Senators Hillary Clinton and Barack Obama took questions on faith for 45-minutes each Sunday in a "Compassion Forum" held at Messiah College near Harrisburg, Pennsylvania. Both of them spoke engagingly about their own upbringing, about how their faith informs their thinking about public policy, and about the role that faith should play in the civic debate. While emphasizing their own respective Christian sensibilities, each sought to emphasize their appreciation of religious diversity in America, and of their respect for peoples of other faith around the world.
The candidates addressed questions from two moderators and from a large audience made up of religious figures from around the United States. Sen Clinton appeared first and Sen Obama took her place at the mid-point. The event was sponsored by the nonpartisan group Faith in Public Life . Senator John McCain had been invited to participate, but declined to appear.
Each candidate was asked at the start about comments Sen Obama had made in California last week, addressing a question about his appeal to working class people. Because the working poor face significant economic and other challenges in their lives, he had said, "it's not surprising then that they get bitter, they cling to guns or religion or antipathy to people who aren't like them or anti-immigrant sentiment or anti-trade sentiment as a way to explain their frustrations."
Responding Sunday night, he said it was indisputable that many people, both in cities and small towns, face injustice in their lives that leads to bitterness. He said that it was only right that people depended on their faith and their families in times of difficulty. He intimated that his remarks of a week earlier had awkwardly mixed common sources of solace, like religion, with the darker instincts of human nature, like bigotry or anti-immigrant sentiment. But many people caught up in the trials of their lives had come to feel over the past seven years that the government was not listening to them or doing enough to address their problems.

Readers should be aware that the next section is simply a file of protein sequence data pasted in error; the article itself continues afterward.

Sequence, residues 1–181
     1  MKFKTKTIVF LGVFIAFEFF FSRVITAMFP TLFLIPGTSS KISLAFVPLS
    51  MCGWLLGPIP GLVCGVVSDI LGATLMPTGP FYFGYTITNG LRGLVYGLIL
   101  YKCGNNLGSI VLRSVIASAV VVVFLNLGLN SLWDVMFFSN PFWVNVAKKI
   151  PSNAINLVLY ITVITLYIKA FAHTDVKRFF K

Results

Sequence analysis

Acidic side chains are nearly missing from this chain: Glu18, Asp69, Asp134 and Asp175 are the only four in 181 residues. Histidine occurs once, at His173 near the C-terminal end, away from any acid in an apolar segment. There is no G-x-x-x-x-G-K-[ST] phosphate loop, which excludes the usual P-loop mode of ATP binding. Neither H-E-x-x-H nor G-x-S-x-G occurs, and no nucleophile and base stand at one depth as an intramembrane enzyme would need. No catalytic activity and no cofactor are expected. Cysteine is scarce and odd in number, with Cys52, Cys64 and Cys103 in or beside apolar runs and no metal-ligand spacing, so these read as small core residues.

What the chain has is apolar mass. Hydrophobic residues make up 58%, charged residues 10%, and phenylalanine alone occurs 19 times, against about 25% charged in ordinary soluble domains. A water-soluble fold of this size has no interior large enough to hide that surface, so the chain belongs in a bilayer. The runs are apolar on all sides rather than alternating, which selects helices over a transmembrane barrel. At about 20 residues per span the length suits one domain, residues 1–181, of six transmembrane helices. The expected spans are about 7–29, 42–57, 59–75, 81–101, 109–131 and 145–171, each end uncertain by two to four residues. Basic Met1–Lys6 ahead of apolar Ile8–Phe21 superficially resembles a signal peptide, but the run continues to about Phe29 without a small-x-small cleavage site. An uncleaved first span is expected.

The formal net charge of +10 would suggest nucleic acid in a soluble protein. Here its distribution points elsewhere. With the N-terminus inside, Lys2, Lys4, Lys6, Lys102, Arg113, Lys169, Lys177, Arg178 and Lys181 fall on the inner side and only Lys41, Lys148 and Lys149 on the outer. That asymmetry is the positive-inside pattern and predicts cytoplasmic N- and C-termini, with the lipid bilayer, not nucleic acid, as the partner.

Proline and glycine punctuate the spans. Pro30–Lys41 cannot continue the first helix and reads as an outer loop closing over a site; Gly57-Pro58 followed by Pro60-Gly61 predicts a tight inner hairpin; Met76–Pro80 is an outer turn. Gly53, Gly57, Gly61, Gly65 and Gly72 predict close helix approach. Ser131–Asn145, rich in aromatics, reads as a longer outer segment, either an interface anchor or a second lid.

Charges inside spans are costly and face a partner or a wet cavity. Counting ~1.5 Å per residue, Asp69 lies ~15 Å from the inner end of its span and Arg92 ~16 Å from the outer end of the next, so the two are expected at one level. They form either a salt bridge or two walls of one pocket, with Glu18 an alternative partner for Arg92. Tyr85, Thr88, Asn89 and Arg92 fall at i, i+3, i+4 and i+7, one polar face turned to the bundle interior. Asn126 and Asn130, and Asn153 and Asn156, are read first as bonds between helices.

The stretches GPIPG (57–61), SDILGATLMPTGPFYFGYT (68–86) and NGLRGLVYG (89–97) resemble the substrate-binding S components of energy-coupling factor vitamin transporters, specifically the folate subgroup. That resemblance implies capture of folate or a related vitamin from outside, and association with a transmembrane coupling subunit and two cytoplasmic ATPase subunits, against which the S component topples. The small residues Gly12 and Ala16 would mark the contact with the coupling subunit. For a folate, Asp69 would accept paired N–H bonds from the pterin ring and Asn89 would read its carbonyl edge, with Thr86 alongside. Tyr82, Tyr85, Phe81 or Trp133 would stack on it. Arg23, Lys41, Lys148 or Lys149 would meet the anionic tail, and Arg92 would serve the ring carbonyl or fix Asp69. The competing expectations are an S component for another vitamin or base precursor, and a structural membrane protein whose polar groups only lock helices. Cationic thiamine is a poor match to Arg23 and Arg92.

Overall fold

Each candidate expressed their respect for Catholicism. Sen Clinton mentioned the impending visit of Pope Benedict and acknowledged his public calls for greater striving around the world on behalf of the poor. Sen Obama described having attended a Catholic school as a child, and referred twice to his touring around Pennsylvania with prominent Catholic Senator Bob Casey.
Both candidates were asked whether life begins at conception, and both expressed their belief in the dignity of early life. Sen Clinton responded by saying she had grappled with this question throughout her adulthood, and she said she intended to work creatively to make abortion rare in the US, and specifically cited her work on adoption and foster care. She talked about speaking out at the International Women's Conference in Beijing in 1995 against forced abortion and sterilization as means of enforcing the one-child policy there. She mentioned her experience traveling to Romania, where the government had sought under communism to compel the largest family sizes possible and where abortion had been illegal. They both agreed that common ground was possible in achieving meaningful reductions in the number of abortions.
Neither was critical on this issue of President Bush, who has spoken loudly about abortion while proving substantially less effective than the preceding Democratic Administration in bringing down the national abortion rate. Mr Bush vetoed Democratic abortion reduction legislation without comment in October 2007, under the guise of fiscal responsibility.
The rhetorical high point of the discussion with Sen Obama came when Rev Jim Wallis of Sojourners asked why poverty rates today are identical to the rate 40 years ago when Rev Martin Luther King spoke out about poverty. 1 in 6 American children currently live in poverty. Asked if he would commit himself to a specific goal of cutting poverty in half during his Administration, Sen Obama dramatically agreed that this was a difficult but achievable goal.
Sen Clinton was asked why a just God would allow so much suffering in the world. "I don't know. I can't wait to ask Him!" she said. But then she went on to offer a moving reflection on the mystery of suffering, and suggested that the one thing we know for sure is that we are all called to respond to the suffering of others with the fullest breadth of our abilities.